Ceasefire Detroit is a program the city has implemented to address this question. Under the program, the city brings 30 to 40 residents, many of them youth, with known criminal histories together for a discussion once a month. Community members, Duggan and the Wayne County prosecutor are all present to speak about the state of violence in Detroit.

“We’ve had 30 American men and women killed in Iraq last year, in this one little corner of Detroit we’ve had 40 people murdered,” Duggan said. “It is more violent in our corner of Detroit than in war-torn parts of the world. And what I say to them is, the ones who are most likely to be the next victim, are you. The violence has to end.”

Duggan has also worked to jumpstart GreenLight, a program aimed at securing high-risk gas stations. The nine participating gas stations will be lit out to the street front and outfitted with high-resolution, color security cameras. These cameras will be connected through Wi-Fi to police headquarters where there is a real-time crime center.

“The technology is so advanced that if somebody carjacks somebody at a gas station, we will be able to rewind that image at police headquarters, take a snapshot, send it out to the patrol cars in the area that have laptops so that they’ll be able to see the cars and the perpetrators immediately,” he said.

Duggan also emphasized the importance of enticing young people to move to Detroit — an area where he said he has seen significant improvement.

“Today every housing unit in downtown Detroit is leased out, there is a six-month wait list,” he said. “We caught this trend of the millennials who don’t want to live in the suburbs and drive a minivan, who want to be closely connected, who have creative energy, are moving in in remarkable numbers. We have a lot of initiatives going on in the arts side, the cultural side.”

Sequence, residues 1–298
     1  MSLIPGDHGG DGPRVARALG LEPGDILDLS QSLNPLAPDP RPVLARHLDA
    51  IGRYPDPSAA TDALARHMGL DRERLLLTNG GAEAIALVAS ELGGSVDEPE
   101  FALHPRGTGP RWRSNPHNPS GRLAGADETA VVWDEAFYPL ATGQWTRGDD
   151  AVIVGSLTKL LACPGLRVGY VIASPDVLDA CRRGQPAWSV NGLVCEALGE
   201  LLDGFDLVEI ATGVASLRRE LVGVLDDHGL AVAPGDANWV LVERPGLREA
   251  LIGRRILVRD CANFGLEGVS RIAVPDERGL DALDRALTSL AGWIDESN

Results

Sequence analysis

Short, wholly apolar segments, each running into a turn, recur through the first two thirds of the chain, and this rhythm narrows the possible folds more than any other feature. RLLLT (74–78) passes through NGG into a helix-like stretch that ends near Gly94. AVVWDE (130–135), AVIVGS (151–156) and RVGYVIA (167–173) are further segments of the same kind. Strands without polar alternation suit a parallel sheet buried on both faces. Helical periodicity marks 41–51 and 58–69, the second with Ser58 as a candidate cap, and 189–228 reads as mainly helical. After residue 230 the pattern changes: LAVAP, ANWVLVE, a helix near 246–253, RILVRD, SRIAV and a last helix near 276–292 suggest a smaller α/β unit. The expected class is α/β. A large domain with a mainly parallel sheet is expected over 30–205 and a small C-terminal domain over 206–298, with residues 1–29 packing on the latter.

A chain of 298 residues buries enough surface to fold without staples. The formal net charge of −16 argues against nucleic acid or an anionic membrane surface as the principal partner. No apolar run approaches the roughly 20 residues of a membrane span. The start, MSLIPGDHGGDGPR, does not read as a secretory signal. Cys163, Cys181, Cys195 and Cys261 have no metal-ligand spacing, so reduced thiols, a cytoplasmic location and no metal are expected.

For one thing, the city has launched a program called Motor City Match, which will give out $500,000 every quarter for the next five years to new businesses in the form of $50,000 grants. Last quarter, 370 people applied for one of 10 grants.

Business sophomore Emily Gorman, a Michigan native, said she is excited by the city’s continued improvements and will consider living there after graduation.

“I definitely can envision myself there,” Gorman said. “I love the city, I volunteered there a lot in high school. I think there’s so much more energy there than people see. You see the perceptions around campus of people who aren’t from around the area, or even who are from the area. But whenever I go there’s just such an energy to bring Detroit back to what it used to be, and I just think that it’s a really cool place to be.”

Rakestraw expressed similar sentiments.

“All the stuff that’s happening with Shinola, the recent tech investments, what Dan Gilbert’s doing with Quicken Loans, to me it seems like the next American town,” he said. “As a young person, why not go where things are exciting?”